When in Doubt, Slap a Tobacco Company
All hail the brave warrior Tariana Turia, leading the small but valiant army of the New Zealand Government against the numberless forces of the evil tobacco companies. While outnumbered ten-to-one in terms of resources, the Government underdogs will prevail – because they have moral righteousness on their side.
Alternatively, you could see the Government’s push for plain packaging of cigarettes as the latest in a series of populist bullying tactics against everyone’s favourite whipping boys – smokers and tobacco companies. Not content with the annual tradition of increasing the “sin tax” on cigarettes, as well as a law requiring gruesome photos on the front of every packet, the NZ Government now wants to ban tobacco companies from having their branding and logo on cigarette packets.
The Australian Government started down the plain packaging path in 2011, but the tobacco companies fought back, filing a multi-billion dollar lawsuit for confiscation of intellectual property rights without due compensation. After all, these companies have built up a brand over the decades. Banning them from using it without compensating them for their loss is probably unconstitutional.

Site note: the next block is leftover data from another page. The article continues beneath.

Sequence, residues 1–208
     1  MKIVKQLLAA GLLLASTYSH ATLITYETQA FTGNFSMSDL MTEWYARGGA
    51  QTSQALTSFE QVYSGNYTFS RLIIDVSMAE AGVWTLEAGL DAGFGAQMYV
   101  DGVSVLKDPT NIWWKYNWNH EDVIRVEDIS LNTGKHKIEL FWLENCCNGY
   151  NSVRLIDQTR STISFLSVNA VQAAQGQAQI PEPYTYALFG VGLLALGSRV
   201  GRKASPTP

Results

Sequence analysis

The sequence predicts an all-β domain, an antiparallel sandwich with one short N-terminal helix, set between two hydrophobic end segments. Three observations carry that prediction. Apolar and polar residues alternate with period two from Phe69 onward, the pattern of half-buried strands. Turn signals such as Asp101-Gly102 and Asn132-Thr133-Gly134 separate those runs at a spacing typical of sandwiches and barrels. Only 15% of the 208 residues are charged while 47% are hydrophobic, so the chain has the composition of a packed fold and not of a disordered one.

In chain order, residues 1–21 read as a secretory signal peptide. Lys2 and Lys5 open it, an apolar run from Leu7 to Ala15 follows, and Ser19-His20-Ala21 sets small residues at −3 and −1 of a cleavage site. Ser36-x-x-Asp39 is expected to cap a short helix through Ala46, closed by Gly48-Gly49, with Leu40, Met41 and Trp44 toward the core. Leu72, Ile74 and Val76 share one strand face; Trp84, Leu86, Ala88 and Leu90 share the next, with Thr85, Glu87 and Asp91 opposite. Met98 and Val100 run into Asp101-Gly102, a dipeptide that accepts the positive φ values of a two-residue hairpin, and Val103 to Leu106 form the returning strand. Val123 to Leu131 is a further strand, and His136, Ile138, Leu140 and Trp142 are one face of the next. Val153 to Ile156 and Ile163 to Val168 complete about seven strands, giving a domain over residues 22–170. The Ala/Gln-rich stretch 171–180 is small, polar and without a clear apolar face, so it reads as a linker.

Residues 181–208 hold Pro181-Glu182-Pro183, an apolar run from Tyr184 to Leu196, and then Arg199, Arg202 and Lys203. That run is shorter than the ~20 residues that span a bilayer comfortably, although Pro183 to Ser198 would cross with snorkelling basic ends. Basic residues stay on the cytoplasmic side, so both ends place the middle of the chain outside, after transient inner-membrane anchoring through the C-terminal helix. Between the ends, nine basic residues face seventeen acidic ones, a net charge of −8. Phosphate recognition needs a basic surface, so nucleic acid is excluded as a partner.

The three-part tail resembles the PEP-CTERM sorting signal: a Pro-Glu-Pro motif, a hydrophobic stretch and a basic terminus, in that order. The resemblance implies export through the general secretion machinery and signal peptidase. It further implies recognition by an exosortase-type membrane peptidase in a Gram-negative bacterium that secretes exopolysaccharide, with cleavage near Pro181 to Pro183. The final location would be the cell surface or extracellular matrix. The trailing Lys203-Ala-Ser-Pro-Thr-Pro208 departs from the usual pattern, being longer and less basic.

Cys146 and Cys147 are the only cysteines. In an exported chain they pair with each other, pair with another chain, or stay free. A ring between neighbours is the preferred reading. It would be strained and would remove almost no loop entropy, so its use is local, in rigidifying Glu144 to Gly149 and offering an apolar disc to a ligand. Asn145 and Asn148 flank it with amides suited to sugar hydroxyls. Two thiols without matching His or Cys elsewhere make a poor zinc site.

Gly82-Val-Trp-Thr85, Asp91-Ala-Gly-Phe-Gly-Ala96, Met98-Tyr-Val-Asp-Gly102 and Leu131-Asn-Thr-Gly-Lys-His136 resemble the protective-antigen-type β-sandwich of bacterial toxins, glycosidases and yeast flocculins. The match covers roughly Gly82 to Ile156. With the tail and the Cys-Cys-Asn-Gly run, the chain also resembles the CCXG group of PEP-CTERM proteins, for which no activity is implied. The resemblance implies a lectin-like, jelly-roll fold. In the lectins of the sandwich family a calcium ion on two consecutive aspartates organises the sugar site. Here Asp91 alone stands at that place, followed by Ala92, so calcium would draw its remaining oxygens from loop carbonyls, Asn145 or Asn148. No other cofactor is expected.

Australian Prime Minister Julia Gillard tried to portray her Government as David rather than Goliath: “We’re not going to be intimidated by big tobacco’s tactics”. But there are few things more cringeworthy than a politician leading a witch-hunt against an unpopular figure. Attacking tobacco companies requires about as much bravery as ripping on Destiny Church or Justin Bieber.
Back in New Zealand, the main arguments about the proposed law have so far been about whether it would actually make a difference to smoking rates. But while there’s no doubt smoking ain’t good for the old lungs, this debate misses the point. One of the great things about being human is that we have choices. If people want to smoke, it’s their choice. Hence why we haven’t banned cigarettes altogether, even though that would presumably reduce smoking rates.
Do we really want the government launching populist crusades against everything it considers unhealthy? If so, say goodbye to alcohol, fast food and soft drinks. We’ve already had some crackpot call soft drink companies “drug dealers” after a woman paid the ultimate price for drinking 7.5 litres of Coke per day. The government needs to step back before we end up with plain packaging for beer. Although that would give the SoGo industry a massive boost.